Arizona Capitol

Arizona State Bar: No Evidence Rep. Stringer Failed to Disclose Sex Charges

Arizona State Representative David Stringer on the House floor on January 23, 2019.
Arizona State Representative David Stringer on the House floor on January 23, 2019. Joseph Flaherty
The Arizona State Bar has dismissed a complaint against State Representative David Stringer, determining there is no clear evidence that he failed to make the required disclosures when he applied to practice law in this state.

The state bar began investigating Stringer after Phoenix New Times revealed that the Republican lawmaker was charged in Baltimore in 1983 for five sex crimes, including child pornography. Stringer lived in the Maryland city at the time.

A Maryland court entered a judgment of guilt for Stringer on three of the charges and sentenced him to probation, according to a copy of a microfiche case history obtained by New Times. He was also instructed to "seek admission" at a well-known clinic for people with sexual disorders.

Stringer’s Maryland criminal history was expunged in 1990, meaning it is all but impossible to divine precisely what happened in his court case without the cooperation of witnesses or lawyers who were involved with it back in the 1980s.

Applicants for the Arizona bar are expected to disclose any criminal history, including arrests and expunged records, according to Aaron Nash, a spokesperson for the Arizona Supreme Court, which oversees bar admittance. Convictions for serious misdemeanors or felonies typically prevent admittance to the bar, Nash said.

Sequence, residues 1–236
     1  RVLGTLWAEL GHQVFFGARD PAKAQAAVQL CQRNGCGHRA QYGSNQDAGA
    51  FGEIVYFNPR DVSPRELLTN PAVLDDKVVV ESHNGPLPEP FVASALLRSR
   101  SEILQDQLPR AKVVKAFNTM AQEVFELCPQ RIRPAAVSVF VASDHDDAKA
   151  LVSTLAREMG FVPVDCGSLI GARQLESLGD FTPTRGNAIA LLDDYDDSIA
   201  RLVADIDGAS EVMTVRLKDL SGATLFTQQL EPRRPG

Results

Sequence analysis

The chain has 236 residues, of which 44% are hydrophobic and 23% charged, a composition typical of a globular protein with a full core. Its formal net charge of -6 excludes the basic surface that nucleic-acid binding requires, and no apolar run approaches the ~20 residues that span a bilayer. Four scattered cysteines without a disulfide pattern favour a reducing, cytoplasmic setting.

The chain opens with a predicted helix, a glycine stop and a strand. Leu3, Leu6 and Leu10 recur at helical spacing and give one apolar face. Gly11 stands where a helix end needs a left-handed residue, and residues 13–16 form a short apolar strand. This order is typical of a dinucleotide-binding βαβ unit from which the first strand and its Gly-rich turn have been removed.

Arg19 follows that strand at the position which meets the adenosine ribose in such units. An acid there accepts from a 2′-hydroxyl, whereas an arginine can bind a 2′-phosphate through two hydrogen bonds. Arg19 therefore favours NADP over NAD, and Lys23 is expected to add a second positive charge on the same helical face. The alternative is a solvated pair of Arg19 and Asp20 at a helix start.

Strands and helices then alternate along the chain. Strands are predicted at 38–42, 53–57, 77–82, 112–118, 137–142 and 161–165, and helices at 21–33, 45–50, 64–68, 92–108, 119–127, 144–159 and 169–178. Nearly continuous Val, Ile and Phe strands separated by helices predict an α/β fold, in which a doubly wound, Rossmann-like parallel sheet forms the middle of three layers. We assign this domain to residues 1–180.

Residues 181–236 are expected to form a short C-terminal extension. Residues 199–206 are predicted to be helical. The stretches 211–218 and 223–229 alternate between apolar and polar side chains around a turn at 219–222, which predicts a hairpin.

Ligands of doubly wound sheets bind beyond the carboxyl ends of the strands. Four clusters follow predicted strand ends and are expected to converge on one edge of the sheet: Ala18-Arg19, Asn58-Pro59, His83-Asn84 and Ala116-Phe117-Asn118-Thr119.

Stringer has said he was not convicted of any of his 1983 offenses, but rather given a sentence of "probation before judgment" on two of the charges, which he claims were misdemeanors. He maintains that he was wrongfully arrested and pressured into a plea deal out of fear of a harsher sentence had he taken his case to trial.

Stringer told Matthew McGregor, the Arizona State Bar lawyer who conducted the investigation, that he made all required disclosures when he applied to practice law here in 2004. But when McGregor asked the Arizona Supreme Court Admissions Office for Stringer's application, he was advised it no longer existed. That's not unusual, because the state bar only keeps those records for seven years after a lawyer is admitted.

Stringer also told McGregor that he was licensed to practice law in Washington, D.C., at the time and a panel that reviews attorneys' ethics cases declined to take action against him after his charges. McGregor confirmed that the District of Columbia Disciplinary Counsel reviewed Stringer's arrest in 1984 and dismissed the matter.

In a letter to Carmen Chenal, Stringer's lawyer, McGregor wrote: "At this time, it does not appear that there is clear and convincing evidence or that such evidence could be developed to support the allegation that Representative Stringer failed to make the required and appropriate disclosures in seeking admission to the State Bar of Arizona."

McGregor added that an investigation could be reopened if new information became available.

Stringer still faces an investigation ordered by the House Ethics Committee related to his sex charges. That investigation, expected to be completed by the end of March, is also looking into racist comments made by Stringer in July and November.

Democratic lawmakers have indicated that they are seeking to expel Stringer. In January, House Speaker Rusty Bowers punted on a motion to remove Stringer from office pending the ethics investigation.

Read the letter announcing the dismissal of Stringer's bar complaint:
This is a developing story and will be updated with new information.
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Steven Hsieh was a staff writer for Phoenix New Times from August 2018 to April 2020.
Contact: Steven Hsieh